Racial tensions in Sydney: Sydney police in denial

Indians are a generally polite and unaggressive people (remember Mahatma Gandhi's gospel of non-violence? The Mahatma is still revered throughout India) and that makes them targets for more predatory groups. In Melbourne the attacks on them mostly emanate from young African men but in Sydney it is young Lebanese Muslim men. In both cities the Indians know who their attackers principally are and have become hostile towards their oppressors. Only energetic police pursuit of all wrongdoers could quieten the situation but that looks like too much work to them

Progress in Victoria: Victoria's chief cop has now admitted that much of the violence is racial and is promising increased police action. We will believe that when the prosecutions of the attackers begin

Two people were arrested and more than 100 others were told to move on after an Indian community in Sydney's west held a protest against racial violence last night. Up to 150 Indian people from the community stormed the streets of Harris Park about 8 pm in protest against claims of years of racial slurs and attacks in the area. Police were forced to close of an entire block of Harris Park around Marion and Wigram Streets.

This comes after a young Indian men and some middle eastern men clashed in the same area on Monday night. They chanted "justice" as police told them to stay calm. At one point officers told a large group to walk away and when they refused threatened to arrest them for not complying. No-one was injured and talks are expected to be held with police about the violence in the area.

The Daily Telegraph spoke to the protesters last night, many of whom said they would form their own vigilante-like groups to patrol the streets at night. Harris Park local Kush Ghai, 22, said the local Indian community held the protest last night because they wanted more police protection after claims of years of racial abuse. "We want peace, justice and protection," Mr Ghai said. Sarabjot Singh, 25, said Indians living in Harris Park have been victimised for the last few years and accused police of doing nothing about it. "This (the attacks) is the story every day. But now we cant take it anymore," he said. By 10:30 pm, all the protesters had been moved on from the area by police.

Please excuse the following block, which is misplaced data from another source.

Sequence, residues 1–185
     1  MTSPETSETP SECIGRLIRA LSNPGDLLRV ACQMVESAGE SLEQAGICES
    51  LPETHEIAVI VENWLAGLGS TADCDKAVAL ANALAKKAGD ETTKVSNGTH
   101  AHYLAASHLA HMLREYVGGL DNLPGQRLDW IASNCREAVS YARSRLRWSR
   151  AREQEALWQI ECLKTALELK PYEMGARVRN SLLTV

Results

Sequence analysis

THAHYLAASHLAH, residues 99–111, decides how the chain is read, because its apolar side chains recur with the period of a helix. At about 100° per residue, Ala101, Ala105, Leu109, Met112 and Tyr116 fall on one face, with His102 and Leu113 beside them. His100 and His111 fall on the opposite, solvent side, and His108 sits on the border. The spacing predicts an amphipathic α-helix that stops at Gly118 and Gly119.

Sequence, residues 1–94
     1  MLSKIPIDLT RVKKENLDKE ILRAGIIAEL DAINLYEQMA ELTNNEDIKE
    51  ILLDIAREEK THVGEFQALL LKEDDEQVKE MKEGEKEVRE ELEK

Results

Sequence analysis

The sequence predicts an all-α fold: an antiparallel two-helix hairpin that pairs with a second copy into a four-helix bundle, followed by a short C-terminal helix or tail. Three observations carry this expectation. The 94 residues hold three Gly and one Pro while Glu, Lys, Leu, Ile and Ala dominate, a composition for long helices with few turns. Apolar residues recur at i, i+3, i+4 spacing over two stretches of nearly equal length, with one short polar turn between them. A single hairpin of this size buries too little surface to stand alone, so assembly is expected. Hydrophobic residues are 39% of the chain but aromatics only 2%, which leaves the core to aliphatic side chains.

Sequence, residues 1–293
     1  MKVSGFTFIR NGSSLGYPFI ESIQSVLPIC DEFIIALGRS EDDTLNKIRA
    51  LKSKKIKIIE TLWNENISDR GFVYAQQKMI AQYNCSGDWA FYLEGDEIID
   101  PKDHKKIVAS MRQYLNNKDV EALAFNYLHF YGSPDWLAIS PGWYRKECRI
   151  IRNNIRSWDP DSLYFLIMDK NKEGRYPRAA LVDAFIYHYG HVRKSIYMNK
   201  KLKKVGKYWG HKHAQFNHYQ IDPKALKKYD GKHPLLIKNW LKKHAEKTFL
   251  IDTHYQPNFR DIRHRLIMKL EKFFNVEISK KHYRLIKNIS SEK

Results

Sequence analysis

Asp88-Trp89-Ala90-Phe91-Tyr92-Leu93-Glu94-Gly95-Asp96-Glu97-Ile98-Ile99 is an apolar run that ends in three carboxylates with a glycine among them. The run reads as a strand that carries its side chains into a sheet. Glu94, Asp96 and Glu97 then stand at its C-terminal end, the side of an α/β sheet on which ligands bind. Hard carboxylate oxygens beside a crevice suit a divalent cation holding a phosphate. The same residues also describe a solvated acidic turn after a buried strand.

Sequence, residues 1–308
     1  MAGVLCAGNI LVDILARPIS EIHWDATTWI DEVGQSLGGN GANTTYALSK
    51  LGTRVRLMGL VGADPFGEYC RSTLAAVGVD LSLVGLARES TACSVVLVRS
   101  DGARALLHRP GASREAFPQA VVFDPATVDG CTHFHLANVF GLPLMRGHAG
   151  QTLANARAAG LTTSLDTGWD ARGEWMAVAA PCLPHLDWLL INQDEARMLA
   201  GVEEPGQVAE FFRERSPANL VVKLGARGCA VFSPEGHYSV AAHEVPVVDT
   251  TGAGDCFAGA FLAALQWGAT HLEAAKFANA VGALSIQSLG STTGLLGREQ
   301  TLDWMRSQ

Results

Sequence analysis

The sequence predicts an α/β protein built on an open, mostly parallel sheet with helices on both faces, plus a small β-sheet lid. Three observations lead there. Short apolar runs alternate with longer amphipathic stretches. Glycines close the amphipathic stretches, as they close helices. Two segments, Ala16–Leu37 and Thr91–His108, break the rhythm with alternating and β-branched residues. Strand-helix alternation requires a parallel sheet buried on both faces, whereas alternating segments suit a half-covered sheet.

Within hours of another great hosedown in this city - police declaring the disturbance in Harris Park on Monday was not race-driven - groups of Indians and Lebanese again began circling each other in the suburb's streets. Again police intervened to separate them and again it was hosed down as an incident of no great note.

Then this, from a Lebanese woman who walked into one of the few remaining Lebanese shops in Harris Park: "It has become unbearable." Her tolerance dead, she was speaking of the Indians who stand in the street when she wants to park her car and refuse to make way for her. "One of them attacked me one day," she said. "He left his car and came walking towards me and people were sitting there and they didn't even want to stop it."

She did not want to give her name. "I am not scared of giving my name but I have got no trust in them," she said. "Keep your distance. That's it."

The authorities' formal dismissal of Monday's incident as being of no great gravity has done exactly the reverse of what police and the NSW Government had hoped. It has inflamed tensions. Both populations now feel even more slighted by a society refusing to acknowledge their problem.

Across the road, Bhavin Jadav spoke for an Indian population feeling persecuted by young Lebanese men. He said Indian students are seen as a "soft target" by these men, who prey on their civility. "That's why they attack Indian students, they don't believe in violence," he said. He was robbed last year when a group of Lebanese men took mobile phones and wallets from his group of friends. Then, just the other day, a petrol bomb was launched at an Indian home on Albion St. The Lebanese are the problem, he said, with much the same authority in his voice as Joseph Gitani when he declared: "It's mini-Bombay, to be honest with you."

Mr Gitani is 49 and was born in Australia but is of Lebanese descent. Yesterday he went to the scene of Monday's disturbance. As each side vented its anger at the other, a 16-year-old Lebanese boy was at home, sleeping off the night before. With three friends, he was returning from dropping a girlfriend at home when they turned into a group of 300 protesting Indians. As bad timing goes, this about tops it. The Indians were drawing attention to another racial attack they believe went unrecognised earlier that evening. According to Mr Jadav, about 15 Lebanese men had attacked a young Indian man walking in Wigram St. "Just near those three cars," he said.

So the Indian population rallied, peaking when a car carrying young Lebanese men turned into their path. The Indians rocked their car until eventually a door was opened and the 16-year-old was hauled out. Two others were also dragged out, while the last broke free. All were punched and kicked and eventually ended in hospital with superficial injuries. They were shouting, "You Lebanese bastards," said Joseph Gitani, who, like everybody - on both sides - has had enough. It was his son being attacked.


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